Astronomy compels the soul to look upwards and leads us from this world to another.
Rochester is lucky. Without a planetarium a community is blinded to the greater whole of who we are as a species. If we are not looking upward and outward, we are not looking at all.
Sure. The size of the universe is paralyzingly large. But a planetarium helps us get over our fear of the largeness. The universe need not terrify us if we can view it with respect and awe.
A Little Background
In 1935, soon after the opening of major planetariums in Chicago, Philadelphia, New York and Los Angeles, Arthur C. Parker, Director of the Rochester Museum of Arts and Sciences, recommended construction of a planetarium in Rochester.
In the fall of 1964 RMSC announced that it had received a gift of “more than one million dollars” from Mr. and Mrs. Edwin G. Strasenburgh of Rochester for the purpose of building a planetarium. The building design, by Carl F. W. Kaelber Jr. of the Rochester architectural firm of Waasdorp, Northup & Kaelber, was announced on June 28, 1966.
Dedicated on September 14, 1968, the Strasenburgh Planetarium was named after its benefactors, Edwin and Clara Strasenburgh.
Of special distinction, the planetarium’s Star Theater houses the first Zeiss Mark VI planetarium projector; it is still in daily operation. In fact, the planetarium received world-wide attention by being the first to be computer automated.
The Planetarium building was said to resemble a snail shell or a spiral nebula.
So far as hypotheses are concerned, let no one expect anything certain from astronomy, which cannot furnish it, lest he accept as the truth ideas conceived for another purpose, and depart from this study a greater fool than when he entered it.
The history of astronomy is a history of receding horizons.
Edwin Powell Hubble
Saturday Night Telescope Viewing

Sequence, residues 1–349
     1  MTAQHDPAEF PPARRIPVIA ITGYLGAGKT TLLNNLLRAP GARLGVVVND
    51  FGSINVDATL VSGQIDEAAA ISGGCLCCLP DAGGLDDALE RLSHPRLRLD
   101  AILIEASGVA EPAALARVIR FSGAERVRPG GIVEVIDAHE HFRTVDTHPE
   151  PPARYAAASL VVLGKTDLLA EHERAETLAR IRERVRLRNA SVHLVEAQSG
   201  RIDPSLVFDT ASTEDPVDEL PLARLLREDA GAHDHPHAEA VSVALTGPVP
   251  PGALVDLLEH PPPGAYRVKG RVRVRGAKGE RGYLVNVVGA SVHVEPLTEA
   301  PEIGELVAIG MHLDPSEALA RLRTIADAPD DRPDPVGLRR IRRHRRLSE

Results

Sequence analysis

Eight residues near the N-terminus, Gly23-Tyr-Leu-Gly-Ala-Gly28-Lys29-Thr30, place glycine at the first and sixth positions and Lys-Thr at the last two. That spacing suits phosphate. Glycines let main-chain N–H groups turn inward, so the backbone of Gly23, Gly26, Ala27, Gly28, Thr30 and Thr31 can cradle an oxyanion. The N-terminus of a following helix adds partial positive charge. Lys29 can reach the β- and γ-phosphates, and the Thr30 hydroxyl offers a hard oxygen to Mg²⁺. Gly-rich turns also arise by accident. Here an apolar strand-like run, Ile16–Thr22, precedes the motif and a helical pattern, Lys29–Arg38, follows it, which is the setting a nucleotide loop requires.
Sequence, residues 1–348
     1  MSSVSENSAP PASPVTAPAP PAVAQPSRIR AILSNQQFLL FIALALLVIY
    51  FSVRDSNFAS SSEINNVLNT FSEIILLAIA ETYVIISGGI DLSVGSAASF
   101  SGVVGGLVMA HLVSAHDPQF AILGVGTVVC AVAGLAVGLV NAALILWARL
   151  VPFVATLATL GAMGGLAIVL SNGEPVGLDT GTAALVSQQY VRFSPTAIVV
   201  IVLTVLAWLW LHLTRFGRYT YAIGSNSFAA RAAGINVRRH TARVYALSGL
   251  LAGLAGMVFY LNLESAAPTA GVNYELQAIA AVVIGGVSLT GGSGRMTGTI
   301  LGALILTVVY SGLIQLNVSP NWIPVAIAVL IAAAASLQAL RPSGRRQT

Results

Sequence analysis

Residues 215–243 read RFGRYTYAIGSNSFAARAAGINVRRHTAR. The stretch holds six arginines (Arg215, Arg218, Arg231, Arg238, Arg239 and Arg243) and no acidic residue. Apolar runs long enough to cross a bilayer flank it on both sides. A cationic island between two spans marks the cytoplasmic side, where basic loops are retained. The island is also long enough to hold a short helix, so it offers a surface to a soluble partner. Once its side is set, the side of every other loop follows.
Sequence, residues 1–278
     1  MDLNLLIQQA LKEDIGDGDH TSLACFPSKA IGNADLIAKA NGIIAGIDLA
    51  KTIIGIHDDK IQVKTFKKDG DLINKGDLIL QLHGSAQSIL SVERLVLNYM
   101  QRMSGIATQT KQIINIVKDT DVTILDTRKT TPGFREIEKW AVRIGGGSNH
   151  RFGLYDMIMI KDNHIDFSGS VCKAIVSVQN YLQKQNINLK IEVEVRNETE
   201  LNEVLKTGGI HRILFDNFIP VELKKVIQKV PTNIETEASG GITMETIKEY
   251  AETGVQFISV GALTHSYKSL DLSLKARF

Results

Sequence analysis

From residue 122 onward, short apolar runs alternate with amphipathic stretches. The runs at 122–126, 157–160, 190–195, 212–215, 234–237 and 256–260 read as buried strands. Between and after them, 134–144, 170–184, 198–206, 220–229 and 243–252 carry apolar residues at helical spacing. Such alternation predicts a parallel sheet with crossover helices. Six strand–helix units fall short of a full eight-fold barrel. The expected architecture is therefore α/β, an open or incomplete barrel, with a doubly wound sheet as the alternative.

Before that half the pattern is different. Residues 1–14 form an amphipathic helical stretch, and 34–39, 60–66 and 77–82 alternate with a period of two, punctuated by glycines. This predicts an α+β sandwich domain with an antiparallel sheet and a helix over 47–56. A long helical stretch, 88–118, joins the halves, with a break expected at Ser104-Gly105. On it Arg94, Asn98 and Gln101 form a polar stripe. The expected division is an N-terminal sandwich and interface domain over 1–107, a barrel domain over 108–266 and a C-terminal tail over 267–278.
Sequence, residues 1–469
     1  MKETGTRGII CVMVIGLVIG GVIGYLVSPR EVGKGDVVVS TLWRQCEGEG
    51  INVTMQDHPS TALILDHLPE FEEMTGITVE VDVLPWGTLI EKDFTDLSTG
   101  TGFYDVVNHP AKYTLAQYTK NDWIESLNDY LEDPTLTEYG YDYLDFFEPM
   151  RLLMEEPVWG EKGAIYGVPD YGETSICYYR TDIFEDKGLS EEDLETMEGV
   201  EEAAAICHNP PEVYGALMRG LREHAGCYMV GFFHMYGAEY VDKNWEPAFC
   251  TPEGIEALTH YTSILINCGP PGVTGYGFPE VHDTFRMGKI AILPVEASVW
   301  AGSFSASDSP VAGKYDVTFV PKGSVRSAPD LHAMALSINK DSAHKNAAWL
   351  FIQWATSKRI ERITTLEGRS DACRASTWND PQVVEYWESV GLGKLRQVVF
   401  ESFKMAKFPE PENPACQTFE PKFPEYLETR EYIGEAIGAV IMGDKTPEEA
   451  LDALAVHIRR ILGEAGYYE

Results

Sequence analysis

Looking for a cool date night? There is a free telescope viewing on Saturday nights from dark till about 10 p.m. when weather in downtown Rochester is favorable and volunteer telescope operators are available. This is all thanks to volunteers from the leading local astronomy club: the Astronomy Section of the Rochester Academy of Science (ASRAS).
Just climb 60 steps at the back of the planetarium and you can stargaze right in the heart of downtown Rochester. My wife Amy and I did it. The weather was chilly but it was an awesome experience. We got to see the moons of Jupiter as clear as our own moon! And to see children and people of all backgrounds getting excited about the bewildering, astonishing, mind boggling, jaw dropping panorama of the night sky felt incredible. I can’t wait to go back with my newborn son.
While we were on the roof waiting our turn, we were told that a new 11-inch computer-guided Celestron CPC1100 telescope on a Pier-Tech adjustable pier was added in 2014 with gifts from the Max and Marian Farash Charitable Foundation and the Louis S. and Molly B. Wolk Foundation.
So fantasy was fine early on, and when I discovered science fiction, I was very happy with it, because my first interest in science fiction came with an interest in astronomy.
“A real telescope is important so you can see these sites for yourself,” says Jim Seidewand, ASRAS director of telescope activities at the Planetarium. “If you had the chance, which would you rather do — see the Grand Canyon in person or look at pictures on a computer monitor?”
If you are interested, ASRAS welcomes new members of all ages and experience levels. According to the RMSC website, monthly meetings take place at RIT or at the club’s dark-sky observing site, the Farash Center for Observational Astronomy in Ionia, New York. Check them out!
Public presentations at the Planetarium include star shows, giant-screen films, and laser light shows.
- Star shows feature the mighty star projector along with an advanced wide-screen, high-resolution video system.
- Giant-screen films projected on our four-story dome take you on journeys of exploration all over the world.
- Saturday Night Laser Shows set classic rock music to choreographed beams of dazzling laser light, crisscrossing the Planetarium’s indoor sky.
- The Challenger Learning Center, a service of Monroe #1 BOCES, offers high-tech, hands-on space mission simulations to school groups and the public.
Inside, there are activities for kids, artwork on the walls, laser shows, and many exhibits which expand one’s cosmic perspective.